Seeing all those angry Americans cheering for Donald Trump’s empty shouting, Senator Mike Rounds is working on his impression of the billionaire Presidential candidate. South Dakota’s junior Senator whined to the Sioux Falls Chamber of Commerce yesterday about just how bad politicians (which he is) in Washington (where he works) are:
Rounds says politicians make the wrong calls for individuals and business leaders in states that are operating prudently.
“And I think we ought to be mad about it. It’s broken. It is dysfunctional. It is worse that I ever thought it was. But a lot of the folks that are there right now, as good as they are? They’ve never seen it working correctly. So, yeah. For me, it’s been kind of frustrating…” [Kealey Bultena, “Rounds: Washington Worse Than I Thought,” SDPB Radio, 2015.08.25].
And what harm do politicians (which Mike Rounds is) do in Washington (where he works)? They make lots of rules to govern a really complicated society:
“Here’s the problem: the founding fathers never expected that Congress would give up its ability to legislation to the executive branch in the rule-making process. Today right now we pass 16 federal rules for every single law that we pass,” Rounds says. “That’s 3,500 to 3,600 more rules written every single year. You live right now with one million You couldn’t comply with all of them even if you could read them” [Bultena, 2015.08.25].
Rounds implies that (1) we shouldn’t have so many rules and (2) what rules we do have should be made by politicians (which he is) in Congress (where he works).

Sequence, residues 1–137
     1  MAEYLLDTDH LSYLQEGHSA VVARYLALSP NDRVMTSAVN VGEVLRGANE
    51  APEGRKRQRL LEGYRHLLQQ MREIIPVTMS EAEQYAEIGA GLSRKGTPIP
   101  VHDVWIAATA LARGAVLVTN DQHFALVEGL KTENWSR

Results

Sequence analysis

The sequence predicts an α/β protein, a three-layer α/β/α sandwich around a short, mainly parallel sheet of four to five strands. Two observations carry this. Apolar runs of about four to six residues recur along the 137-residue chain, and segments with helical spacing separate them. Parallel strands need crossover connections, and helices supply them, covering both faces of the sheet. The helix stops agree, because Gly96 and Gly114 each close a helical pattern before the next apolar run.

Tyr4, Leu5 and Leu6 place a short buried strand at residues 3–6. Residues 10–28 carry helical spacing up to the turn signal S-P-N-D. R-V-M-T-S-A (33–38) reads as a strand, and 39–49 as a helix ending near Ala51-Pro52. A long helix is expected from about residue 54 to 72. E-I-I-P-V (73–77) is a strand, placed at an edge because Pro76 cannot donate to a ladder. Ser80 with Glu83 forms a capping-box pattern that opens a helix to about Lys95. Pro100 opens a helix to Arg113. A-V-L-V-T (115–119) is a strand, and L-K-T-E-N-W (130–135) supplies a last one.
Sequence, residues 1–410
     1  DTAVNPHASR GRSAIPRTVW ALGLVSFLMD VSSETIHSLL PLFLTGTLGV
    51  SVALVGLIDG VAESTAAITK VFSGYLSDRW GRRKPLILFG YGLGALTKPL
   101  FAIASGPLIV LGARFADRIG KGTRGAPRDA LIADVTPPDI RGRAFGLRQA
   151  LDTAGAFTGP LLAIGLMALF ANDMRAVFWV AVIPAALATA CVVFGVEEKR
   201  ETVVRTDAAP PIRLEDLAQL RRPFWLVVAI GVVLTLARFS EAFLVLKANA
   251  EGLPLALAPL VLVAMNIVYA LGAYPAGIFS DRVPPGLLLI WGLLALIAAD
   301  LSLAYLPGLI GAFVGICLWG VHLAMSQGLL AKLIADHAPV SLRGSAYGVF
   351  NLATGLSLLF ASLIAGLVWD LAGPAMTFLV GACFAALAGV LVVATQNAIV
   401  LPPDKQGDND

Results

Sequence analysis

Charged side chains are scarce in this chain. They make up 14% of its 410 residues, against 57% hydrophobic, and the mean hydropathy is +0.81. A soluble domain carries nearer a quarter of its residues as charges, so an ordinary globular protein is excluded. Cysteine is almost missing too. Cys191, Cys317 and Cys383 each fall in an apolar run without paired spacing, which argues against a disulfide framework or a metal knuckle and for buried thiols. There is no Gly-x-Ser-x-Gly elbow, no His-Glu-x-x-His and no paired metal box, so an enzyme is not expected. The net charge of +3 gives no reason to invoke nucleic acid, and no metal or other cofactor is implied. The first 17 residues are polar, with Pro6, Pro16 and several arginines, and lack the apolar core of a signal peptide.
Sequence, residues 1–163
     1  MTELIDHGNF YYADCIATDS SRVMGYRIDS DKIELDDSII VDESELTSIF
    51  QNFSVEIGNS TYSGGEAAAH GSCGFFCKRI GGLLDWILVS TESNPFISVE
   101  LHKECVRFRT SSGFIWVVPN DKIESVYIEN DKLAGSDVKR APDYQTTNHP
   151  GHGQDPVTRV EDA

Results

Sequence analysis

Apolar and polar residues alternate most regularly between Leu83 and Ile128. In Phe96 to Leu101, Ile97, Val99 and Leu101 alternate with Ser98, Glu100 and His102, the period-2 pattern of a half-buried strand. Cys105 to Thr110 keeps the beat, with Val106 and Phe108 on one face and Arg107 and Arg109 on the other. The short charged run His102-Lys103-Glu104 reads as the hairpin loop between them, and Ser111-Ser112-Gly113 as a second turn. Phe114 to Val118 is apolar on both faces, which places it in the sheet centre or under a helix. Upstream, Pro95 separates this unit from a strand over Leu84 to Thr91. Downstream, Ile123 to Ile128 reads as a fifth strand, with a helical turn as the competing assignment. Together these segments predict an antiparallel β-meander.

But the South Dakota government that the former Legislator and Governor touts as an exemplar of the common sense to which Washington is impervious does the same thing. South Dakota has all sorts of administrative rules created by executive branch agencies. The Legislature authorizes them to make all those rules under the sensible premise that legislators have neither the time nor the expertise to create useful rules for all the different realms of South Dakota life that require governance.
We have rules that cover parking at the Capitol, charging citizens for public records, how to pack and label ice cream, how to control weeds, and what to wear when racing a horse. We have rules for chiropractors, cosmetologists, plumbers, podiatrists, morticians, and hearing aid dispensers. The latest Register of the Legislative Research Council shows 30 new rules filed while legislators were off doing other important things, and there have been 34 weekly registers thus far this year. Rounds’s own old executive branch is writing all sorts of rules for South Dakotans without direct legislative involvement, and that’s just the way he and his former colleagues in Pierre have designed the system to work. Rounds and our legislators don’t think South Dakota society will run without administrative rules; why should they pretend that the much more populous and complex national government and economy will operate any better by anarchy?
Senator Rounds could get rid of a bunch of rules if he followed through on his promise to get rid of the Department of Education. But we all knew Rounds was lying for the cameras when he mouthed that promise, just as he was pander-lying to the Chamber yesterday.
Right now in Washington, D.C., administrators of government agencies are drafting, discussing, and enforcing the rules that help keep America running smoothly and cleanly. Alas, their efforts allow Washington politicians like Senator Mike Rounds to spend the August recess making silly speeches… but hey, every process generates some inefficiency.